Hard work is all the rage these days. Tony Blair famously extolled ‘hard working families’, while the slogan of last year’s Conservative Party conference was ‘for hardworking people.’
But what is this ‘hard work’ of which our politicians speak? Do they in fact, just mean ‘work’ – as in an honest day’s work? If not, then what do they think makes hard work hard?
I doubt they mean the physical effort of hard labour, because this is something that most of them don’t know much about. Nor, I suspect, do they mean hard as in something you find difficult because you’re not very good at it. So that leaves one possibility – hard work as in overwork.
In the New Yorker, James Surowiecki has a brilliant column on the long hours culture in the banking sector and other knowledge-intensive professions. What’s particularly interesting is that this is a relatively recent phenomenon – even in America:
“Thirty years ago, the best-paid workers in the U.S. were much less likely to work long days than low-paid workers were. By 2006, the best paid were twice as likely to work long hours as the poorly paid, and the trend seems to be accelerating. A 2008 Harvard Business School survey of a thousand professionals found that ninety-four per cent worked fifty hours or more a week, and almost half worked in excess of sixty-five hours a week. Overwork has become a credential of prosperity.”
Some on Wall Street are beginning to question whether working every waking hour (and skimping on the sleeping ones) is such a good idea:
“Last October, Goldman Sachs told its junior investment-banking analysts not to work on Saturdays, and it has said that all analysts, on average, should be working no more than seventy to seventy-five hours a week. A couple of weeks ago, Bank of America Merrill Lynch said that analysts are expected to have four weekend days off a month. And, last week, Credit Suisse told its analysts that they should not be in the office on Saturdays.”
It should be said that these banks aren’t just acting out of the goodness of their hearts:
“The perplexing thing about the cult of overwork is that, as we’ve known for a while, long hours diminish both productivity and quality. Among industrial workers, overtime raises the rate of mistakes and safety mishaps; likewise, for knowledge workers fatigue and sleep-deprivation make it hard to perform at a high cognitive level.”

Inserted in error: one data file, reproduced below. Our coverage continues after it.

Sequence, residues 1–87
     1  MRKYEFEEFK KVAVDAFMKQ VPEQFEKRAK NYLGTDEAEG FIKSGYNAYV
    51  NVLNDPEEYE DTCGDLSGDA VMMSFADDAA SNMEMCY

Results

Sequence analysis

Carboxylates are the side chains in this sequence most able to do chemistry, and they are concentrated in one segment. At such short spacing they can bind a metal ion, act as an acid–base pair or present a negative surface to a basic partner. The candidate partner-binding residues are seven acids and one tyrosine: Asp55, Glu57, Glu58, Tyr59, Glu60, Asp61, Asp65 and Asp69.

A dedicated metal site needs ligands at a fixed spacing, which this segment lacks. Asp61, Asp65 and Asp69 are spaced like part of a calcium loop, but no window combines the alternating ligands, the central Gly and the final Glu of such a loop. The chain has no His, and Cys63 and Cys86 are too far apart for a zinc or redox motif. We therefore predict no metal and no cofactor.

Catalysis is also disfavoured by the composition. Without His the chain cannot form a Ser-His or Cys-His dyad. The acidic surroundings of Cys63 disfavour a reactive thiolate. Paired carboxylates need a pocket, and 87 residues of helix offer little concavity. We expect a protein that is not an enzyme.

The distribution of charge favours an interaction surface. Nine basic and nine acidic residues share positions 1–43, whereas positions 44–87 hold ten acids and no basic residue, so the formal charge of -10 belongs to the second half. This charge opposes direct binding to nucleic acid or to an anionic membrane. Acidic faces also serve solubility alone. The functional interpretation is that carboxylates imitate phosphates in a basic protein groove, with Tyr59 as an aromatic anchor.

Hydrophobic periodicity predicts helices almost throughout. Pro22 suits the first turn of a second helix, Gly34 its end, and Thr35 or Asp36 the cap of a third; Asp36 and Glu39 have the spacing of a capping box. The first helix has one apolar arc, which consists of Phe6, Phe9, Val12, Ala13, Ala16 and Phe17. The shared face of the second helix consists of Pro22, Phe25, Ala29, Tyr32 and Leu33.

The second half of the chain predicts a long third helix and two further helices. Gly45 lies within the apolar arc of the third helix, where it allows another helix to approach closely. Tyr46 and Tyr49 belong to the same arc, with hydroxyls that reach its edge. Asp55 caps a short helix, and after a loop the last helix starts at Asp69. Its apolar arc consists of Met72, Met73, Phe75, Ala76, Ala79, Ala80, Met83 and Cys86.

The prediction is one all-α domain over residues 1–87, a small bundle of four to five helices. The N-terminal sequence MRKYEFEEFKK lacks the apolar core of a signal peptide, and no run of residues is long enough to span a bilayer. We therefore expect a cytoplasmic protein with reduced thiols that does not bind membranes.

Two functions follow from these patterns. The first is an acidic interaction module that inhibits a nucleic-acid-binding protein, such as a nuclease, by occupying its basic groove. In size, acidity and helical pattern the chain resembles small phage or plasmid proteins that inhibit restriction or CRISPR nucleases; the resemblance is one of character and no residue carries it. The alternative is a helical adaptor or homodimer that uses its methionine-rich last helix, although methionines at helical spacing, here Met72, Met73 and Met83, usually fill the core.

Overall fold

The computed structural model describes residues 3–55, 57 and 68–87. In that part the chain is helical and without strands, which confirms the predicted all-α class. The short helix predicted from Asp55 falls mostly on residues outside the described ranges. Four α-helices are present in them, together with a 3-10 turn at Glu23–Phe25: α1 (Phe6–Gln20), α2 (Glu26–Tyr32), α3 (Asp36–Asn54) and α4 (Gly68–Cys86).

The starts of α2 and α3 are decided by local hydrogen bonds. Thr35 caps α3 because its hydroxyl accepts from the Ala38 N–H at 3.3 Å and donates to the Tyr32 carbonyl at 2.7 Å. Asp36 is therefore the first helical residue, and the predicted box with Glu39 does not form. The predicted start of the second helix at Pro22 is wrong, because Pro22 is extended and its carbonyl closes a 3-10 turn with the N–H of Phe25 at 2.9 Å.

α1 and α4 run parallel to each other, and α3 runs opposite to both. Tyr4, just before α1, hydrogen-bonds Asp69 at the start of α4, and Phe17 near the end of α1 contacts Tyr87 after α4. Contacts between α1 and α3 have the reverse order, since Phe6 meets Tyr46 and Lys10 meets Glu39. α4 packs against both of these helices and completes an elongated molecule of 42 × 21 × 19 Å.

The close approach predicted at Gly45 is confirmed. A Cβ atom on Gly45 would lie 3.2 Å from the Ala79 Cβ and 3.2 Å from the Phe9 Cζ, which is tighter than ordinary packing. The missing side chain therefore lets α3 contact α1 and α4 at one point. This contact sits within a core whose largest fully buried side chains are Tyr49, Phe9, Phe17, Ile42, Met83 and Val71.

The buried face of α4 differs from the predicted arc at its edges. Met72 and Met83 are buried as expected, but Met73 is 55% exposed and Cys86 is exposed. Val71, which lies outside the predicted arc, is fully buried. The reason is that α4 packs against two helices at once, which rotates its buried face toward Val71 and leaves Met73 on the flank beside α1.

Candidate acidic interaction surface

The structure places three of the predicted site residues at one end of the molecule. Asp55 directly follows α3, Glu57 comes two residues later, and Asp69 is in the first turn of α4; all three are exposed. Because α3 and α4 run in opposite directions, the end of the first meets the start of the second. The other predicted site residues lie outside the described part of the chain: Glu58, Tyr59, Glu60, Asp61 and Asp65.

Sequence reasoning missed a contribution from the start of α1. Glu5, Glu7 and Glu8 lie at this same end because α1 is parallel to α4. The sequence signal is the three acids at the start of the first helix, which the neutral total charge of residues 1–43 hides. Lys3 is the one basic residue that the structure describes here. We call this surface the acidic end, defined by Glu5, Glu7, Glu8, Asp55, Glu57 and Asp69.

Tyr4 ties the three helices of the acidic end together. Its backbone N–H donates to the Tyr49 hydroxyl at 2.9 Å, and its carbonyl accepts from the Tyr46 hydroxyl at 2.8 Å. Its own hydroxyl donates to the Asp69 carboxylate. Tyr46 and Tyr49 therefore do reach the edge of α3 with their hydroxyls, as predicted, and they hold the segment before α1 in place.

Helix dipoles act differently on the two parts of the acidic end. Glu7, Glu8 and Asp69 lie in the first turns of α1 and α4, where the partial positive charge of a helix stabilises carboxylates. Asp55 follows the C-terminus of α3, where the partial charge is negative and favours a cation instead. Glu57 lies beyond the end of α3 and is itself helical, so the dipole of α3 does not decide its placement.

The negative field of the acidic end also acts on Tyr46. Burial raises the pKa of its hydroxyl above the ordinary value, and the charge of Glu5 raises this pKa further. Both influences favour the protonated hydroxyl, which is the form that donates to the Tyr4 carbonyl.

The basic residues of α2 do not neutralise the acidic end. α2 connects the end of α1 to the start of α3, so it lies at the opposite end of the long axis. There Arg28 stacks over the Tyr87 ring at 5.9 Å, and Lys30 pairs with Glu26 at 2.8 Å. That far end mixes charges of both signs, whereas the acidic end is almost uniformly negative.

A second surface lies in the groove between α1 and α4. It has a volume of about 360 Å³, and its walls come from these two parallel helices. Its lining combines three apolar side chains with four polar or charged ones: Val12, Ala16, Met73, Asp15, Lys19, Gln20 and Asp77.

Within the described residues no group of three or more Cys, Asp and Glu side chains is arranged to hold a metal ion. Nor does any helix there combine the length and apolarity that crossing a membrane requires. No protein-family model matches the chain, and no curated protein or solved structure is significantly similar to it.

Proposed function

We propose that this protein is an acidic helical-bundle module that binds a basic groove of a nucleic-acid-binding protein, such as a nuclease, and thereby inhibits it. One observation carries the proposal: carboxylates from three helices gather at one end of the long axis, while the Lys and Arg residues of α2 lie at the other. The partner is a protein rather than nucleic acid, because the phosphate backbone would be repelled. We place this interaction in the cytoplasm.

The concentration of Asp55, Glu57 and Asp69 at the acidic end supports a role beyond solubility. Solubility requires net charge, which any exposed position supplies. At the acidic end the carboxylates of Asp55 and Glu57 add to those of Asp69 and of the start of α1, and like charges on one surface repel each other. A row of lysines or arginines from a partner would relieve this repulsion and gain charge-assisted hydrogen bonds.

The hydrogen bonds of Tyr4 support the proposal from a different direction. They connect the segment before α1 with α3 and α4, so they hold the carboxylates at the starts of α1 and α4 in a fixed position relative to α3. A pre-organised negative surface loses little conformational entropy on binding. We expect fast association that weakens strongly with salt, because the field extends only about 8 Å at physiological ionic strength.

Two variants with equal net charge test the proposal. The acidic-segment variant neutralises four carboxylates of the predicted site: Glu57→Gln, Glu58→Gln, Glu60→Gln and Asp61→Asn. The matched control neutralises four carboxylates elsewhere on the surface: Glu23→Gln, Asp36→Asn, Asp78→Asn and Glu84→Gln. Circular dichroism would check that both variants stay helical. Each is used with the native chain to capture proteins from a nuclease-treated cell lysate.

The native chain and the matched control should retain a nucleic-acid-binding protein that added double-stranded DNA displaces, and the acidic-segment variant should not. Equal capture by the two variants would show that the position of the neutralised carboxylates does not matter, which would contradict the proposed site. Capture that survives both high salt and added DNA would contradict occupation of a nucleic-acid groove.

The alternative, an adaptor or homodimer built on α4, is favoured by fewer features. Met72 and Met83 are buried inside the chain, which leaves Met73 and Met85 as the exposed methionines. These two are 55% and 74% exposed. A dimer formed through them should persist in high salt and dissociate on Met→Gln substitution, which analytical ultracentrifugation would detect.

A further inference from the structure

The effects on overworked employees include “depression, anxiety, and immune-system problems and declines in “creativity and judgment.”
I don’t have any proof of a direct causal link, but it’s worth noting that the rise in the long hours culture among knowledge workers coincides with a long-term decline in rates of innovation and economic growth. A link wouldn’t be surprising: people that aren’t given time for sufficient rest and recreation also don’t have time to think – instead they just put all that extra effort into ploughing the same furrow. Moreover, given the actions that contributed to the near collapse of international banking system, one has to ask whether a well-rested workforce would have taken quite so many reckless decisions.
Much the same could be said for our politicians. Despite what you might think about ‘lazy MPs’ – most of them, especially Ministers, work well over sixty hours a week. Not that this cuts much ice with the public. Indeed a cheap round of applause can be had by calling on MPs with constituencies close-ish to London to add a daily commute to their schedules.
Well fine – no one has to do the job, do they? Then again, don’t complain if we end up governed by a bunch of weirdos too tired to think straight.